DTE Electric Co. is requesting a rate increase just months after receiving its last one, a hike that would raise the average customer’s bill by $12.46 a month.
If approved, the rate increase would be the eighth for DTE since 2010, and it comes after the utility’s last rate increase in November.
Last year, DTE sought to up its rates by 8.8%, but the Michigan Public Service Commission (MPSC), which regulates investor-owned utilities in the state, approved just 10% of the utility’s total request. The decision came after more than 200 people largely in opposition packed the first hearing of its kind held by the MPSC to consider DTE’s proposal, according to Planet Detroit.
On Feb. 10, DTE asked the MPSC for permission to increase its yearly revenues by $622 million, representing a nearly 14% residential rate increase. If the MPSC approves the request, the average residential customer’s bill could climb by $12.46 per month as soon as Dec.10, according to DTE’s application.
“It is somewhat shocking how much DTE is basically thumbing its nose at the public service commission with this latest rate case filing,” said Amy Bandyk, executive director of the Citizens Utility Board of Michigan.
In its application, DTE said the rate increase would recover costs associated with investments in electric distribution, its tree trimming program, and other operations. DTE’s request follows a pattern of high rate increases in short amounts of time, with poor service, according to several independent analyses.
Since 2010, DTE has been granted billions of dollars worth of rate increases. The utility has the highest kilowatt-per-hour rate compared to the other largest utilities in the Great Lakes region, according to an analysis by Outlier Media and ProPublica. Meanwhile, DTE has some of the most frequent, and longest lasting power outages in the country, and has a high rate of shutoffs for customers struggling to pay their bills.
But, “DTE’s Electric Company intentionally did not request a base rate increase during the COVID pandemic to assist customers with affordability during uncertain times,” spokesperson for DTE Peter Ternes, told BridgeDetroit. In that same timeframe, Ternes added, DTE invested more than $8 billion into its electric grid.
“In order to continue to make the progress that customers and the Michigan Public Service Commission expect, and to deal with continued inflation and material cost increases, DTE needs to file a rate case,” he said. “The outcome of this rate review will set the course for how we continue to make progress in electric system reliability improvements – preparing the electric grid for increased electrification and increasingly severe weather – and carbon reduction efforts.”
In November, the MPSC rejected 90% of DTE’s request, disputing the company’s projections of declining electricity use and therefore less revenue to conduct various programs and operations.
“In their order in the last rate case last November, the MPSC told DTE it had not justified its big proposed rate hike. Now, the utility is coming back and asking for the same amount of money, plus a lot more,” said Bandyk. “DTE appears to be ignoring the message from both regulators and their customers that they need to spend ratepayer dollars cost-effectively. That’s a problem because DTE customers are already paying high rates for poor service.”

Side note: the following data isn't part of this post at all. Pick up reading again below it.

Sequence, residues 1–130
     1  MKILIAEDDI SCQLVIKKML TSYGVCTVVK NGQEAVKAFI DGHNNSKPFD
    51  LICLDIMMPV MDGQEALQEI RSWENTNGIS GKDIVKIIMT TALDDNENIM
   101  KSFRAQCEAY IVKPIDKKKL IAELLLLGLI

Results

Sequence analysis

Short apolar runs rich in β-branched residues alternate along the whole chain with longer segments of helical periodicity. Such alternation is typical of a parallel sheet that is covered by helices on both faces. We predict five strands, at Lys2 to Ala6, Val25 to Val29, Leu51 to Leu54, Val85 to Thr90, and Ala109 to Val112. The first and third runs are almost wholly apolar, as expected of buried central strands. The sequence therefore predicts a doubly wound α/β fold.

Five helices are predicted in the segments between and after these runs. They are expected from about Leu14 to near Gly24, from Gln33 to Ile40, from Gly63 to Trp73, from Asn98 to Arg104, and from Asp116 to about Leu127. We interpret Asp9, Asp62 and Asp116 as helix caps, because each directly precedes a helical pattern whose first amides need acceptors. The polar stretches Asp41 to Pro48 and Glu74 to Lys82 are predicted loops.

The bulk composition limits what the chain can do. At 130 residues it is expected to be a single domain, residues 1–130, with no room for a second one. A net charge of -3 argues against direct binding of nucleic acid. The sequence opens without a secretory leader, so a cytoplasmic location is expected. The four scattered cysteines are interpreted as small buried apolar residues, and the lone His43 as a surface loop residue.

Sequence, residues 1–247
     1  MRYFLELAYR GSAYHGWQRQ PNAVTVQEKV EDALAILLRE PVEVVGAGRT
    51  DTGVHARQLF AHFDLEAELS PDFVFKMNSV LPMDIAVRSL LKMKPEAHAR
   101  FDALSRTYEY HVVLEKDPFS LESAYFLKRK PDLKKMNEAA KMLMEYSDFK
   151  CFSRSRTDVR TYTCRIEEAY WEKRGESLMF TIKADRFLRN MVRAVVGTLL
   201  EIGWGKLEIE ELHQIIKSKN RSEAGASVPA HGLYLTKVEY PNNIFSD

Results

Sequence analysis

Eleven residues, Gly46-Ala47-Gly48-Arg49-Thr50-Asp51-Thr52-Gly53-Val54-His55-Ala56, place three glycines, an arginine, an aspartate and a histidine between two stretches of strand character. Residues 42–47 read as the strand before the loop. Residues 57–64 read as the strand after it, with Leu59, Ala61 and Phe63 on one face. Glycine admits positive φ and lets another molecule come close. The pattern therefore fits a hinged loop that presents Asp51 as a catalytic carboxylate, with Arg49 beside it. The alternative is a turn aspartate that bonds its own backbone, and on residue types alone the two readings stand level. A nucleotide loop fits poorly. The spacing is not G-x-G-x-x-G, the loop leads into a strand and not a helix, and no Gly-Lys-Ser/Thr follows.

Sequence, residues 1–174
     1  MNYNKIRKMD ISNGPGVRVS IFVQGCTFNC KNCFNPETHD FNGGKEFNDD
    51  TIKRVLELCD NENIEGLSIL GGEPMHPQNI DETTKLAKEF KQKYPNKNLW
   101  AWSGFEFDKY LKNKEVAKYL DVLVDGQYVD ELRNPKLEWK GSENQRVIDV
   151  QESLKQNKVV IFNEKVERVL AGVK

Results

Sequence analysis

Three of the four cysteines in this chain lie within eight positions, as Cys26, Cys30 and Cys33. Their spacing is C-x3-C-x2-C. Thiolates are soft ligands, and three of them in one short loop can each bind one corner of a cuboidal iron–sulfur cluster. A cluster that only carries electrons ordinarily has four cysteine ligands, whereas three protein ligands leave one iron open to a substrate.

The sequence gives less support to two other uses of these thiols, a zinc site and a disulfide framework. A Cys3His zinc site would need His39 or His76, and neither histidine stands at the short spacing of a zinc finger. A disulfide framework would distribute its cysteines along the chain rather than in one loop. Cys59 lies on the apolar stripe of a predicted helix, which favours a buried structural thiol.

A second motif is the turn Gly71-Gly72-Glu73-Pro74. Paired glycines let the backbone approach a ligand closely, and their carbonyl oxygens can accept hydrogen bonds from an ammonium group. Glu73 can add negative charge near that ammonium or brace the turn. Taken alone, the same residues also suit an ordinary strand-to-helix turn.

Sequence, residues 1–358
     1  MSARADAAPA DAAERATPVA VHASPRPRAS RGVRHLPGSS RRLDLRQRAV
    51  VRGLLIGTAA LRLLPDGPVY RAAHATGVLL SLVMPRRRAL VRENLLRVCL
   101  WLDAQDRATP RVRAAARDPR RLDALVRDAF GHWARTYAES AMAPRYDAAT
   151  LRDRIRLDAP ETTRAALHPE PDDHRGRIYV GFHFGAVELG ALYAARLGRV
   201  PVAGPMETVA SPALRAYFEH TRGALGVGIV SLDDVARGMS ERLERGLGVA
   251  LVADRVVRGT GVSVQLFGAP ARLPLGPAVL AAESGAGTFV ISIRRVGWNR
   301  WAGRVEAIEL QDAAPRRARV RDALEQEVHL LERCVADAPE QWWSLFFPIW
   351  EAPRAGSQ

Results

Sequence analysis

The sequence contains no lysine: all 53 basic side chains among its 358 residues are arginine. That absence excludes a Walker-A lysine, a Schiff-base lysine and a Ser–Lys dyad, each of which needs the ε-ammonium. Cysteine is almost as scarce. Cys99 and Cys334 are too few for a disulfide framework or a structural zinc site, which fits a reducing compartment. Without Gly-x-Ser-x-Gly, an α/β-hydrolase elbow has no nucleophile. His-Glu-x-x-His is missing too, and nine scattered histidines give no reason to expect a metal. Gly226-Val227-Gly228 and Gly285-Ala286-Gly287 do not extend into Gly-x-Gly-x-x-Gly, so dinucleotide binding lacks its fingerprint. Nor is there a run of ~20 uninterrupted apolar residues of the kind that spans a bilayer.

In August 2022, the MPSC ordered an audit of DTE and Consumers Energy following a storm that left 500,000 residents without power, some for a week. The audit has not been completed yet, according to MPSC spokesperson Matt Helms.
To further transparency, Michigan Attorney General Dana Nessel has been pushing for more transparency from utilities about how political contributions might be influencing policy.
Earlier this month, Nessel submitted comments to the MPSC advising that revised rate filing requirements should require utilities to report political contributions for the most recent five years prior to filing.
“The Attorney General finds that the [Rate Case Standard Filing Requirements] are currently deficient in providing sufficient information and insight on expenses incurred by the utilities to influence public policy and achieve rate case outcomes,” the letter stated.
Almost the entire Michigan Legislature has received donations from DTE, totaling $1.26 million, according to a report last year from the Energy and Policy Institute.
“If 138 out of 148 senators are taking money from them, it doesn’t seem like we’re going to have a fair shot at getting listened to or getting support from the state,” argued Jesse Deer in Water, an organizer for CRAFT, an Indigenous-led environmental justice organization.
“DTE does not need a rate increase, they need a rate decrease,” he told BridgeDetroit, noting the proposed rate increase compounds the last one and the company’s time-of-day plan launched in January, which increases rates during peak use times.
“This feels like an almost full-spectrum assault to our communities’ pockets,” he said.
Citizens can submit comments to the Michigan Public Service Commission regarding DTE’s rate increase application online. A pre-hearing to consider the request will be held remotely March 7.
Correction: An earlier version of this story misstated the percentage increase for residential customers if DTE’s request is approved.